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Seaman the newfoundland dog

Lewis and Clark’s Corps of Discovery Expedition was commissioned by President Jefferson shortly after the Louisiana Purchase in 1803. Jefferson asked Captain Lewis to and C statue head a get group that partially consisted of U.S. Army volunteers; Lewis was to be aided by his good friend, lieutenant Clark. Their primary goal was to explore and map the newly acquired territory and find a practical route across an essentially unexplored part of the continent. it had been a risky journey, and nobody could predict how long the Corps would be gone.

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The group planned to depart from St. Louis within the spring of 1804, and Seaman was thought to possess been purchased by Lewis for $20 while he was in Pittsburgh expecting the completion of the boats that might be taken on the journey. there's no record on why Lewis selected a Newfoundland—whether it had been simply a dog that caught his attention or whether he selected Seaman because the breed is understood for being smart and powerful with good swimming ability.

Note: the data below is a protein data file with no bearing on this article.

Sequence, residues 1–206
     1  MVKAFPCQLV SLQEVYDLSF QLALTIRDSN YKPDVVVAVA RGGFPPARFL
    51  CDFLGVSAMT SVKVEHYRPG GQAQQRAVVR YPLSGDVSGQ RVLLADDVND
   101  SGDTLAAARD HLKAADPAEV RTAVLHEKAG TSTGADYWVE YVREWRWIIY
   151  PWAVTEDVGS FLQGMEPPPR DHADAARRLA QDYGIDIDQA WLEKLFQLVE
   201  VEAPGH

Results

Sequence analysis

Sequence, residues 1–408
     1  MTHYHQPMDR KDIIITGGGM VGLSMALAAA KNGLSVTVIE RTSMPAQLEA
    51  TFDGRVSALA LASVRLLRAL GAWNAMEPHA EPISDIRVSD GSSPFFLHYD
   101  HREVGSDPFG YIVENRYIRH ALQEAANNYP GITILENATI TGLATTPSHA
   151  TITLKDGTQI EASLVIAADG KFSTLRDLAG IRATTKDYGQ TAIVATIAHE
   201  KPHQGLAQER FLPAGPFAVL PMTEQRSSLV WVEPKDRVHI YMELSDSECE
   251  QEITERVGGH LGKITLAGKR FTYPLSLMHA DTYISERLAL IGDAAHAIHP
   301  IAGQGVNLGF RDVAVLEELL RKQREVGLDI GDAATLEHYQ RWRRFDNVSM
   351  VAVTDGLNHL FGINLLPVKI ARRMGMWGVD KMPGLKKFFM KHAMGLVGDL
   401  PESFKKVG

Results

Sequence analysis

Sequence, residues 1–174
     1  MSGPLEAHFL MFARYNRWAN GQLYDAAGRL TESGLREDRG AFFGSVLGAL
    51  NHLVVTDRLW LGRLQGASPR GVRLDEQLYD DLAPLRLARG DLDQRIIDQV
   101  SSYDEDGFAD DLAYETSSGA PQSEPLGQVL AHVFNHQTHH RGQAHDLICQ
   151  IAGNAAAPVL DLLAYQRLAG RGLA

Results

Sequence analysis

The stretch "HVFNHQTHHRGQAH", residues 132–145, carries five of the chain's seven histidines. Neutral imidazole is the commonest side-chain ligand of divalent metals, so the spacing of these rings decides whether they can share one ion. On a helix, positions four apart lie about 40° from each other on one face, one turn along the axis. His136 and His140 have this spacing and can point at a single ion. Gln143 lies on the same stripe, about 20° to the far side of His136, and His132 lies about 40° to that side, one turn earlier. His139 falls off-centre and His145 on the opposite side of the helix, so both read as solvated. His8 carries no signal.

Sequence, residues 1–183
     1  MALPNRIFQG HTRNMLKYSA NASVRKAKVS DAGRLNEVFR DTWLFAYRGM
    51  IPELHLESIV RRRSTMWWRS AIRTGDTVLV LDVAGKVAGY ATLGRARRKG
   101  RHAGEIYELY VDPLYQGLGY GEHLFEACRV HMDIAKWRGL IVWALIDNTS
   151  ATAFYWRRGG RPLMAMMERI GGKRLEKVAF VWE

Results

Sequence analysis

Occasionally readers may find the Newfoundland mentioned as Scannon. In 1916 Lewis’s handwriting was misinterpreted by a historian, and therefore the dog’s name was written as Scannon. Not until 1987 was the error discovered. Historian Donald Jackson was at work with the fabric and re-examined the journals, realizing that the dog’s name was actually Seaman.

Lewis and Clark: The Trip

As one would expect, the Corps of Discovery participants were totally occupied finding their way through the country they didn't know, dealing with adversity, and documenting their discoveries—both the routes taken also as notes on flora and fauna found along the way. Seaman is mentioned only on an “as necessary” basis– and therefore the n|every now and then"> sometimes of crisis or when Lewis had touched over time and the dog’s story illustrated some extent.

Lewis and Clark mopane of the primary mentions of the dog is as Lewis and Seaman departed from Pittsburgh on August 30, 1803. Lewis writes that Seaman was skilled at catching and killing squirrels, which Lewis found excellent to eat once “fried.”

Once on the journey, Seaman attracted positive attention from the Shawnees who offered three beaver skins for the dog, but Lewis said no. Later Seaman also was reported as a favorite of a “buffaloe calf” that followed them along the shore until Lewis and Seaman re-boarded the boat.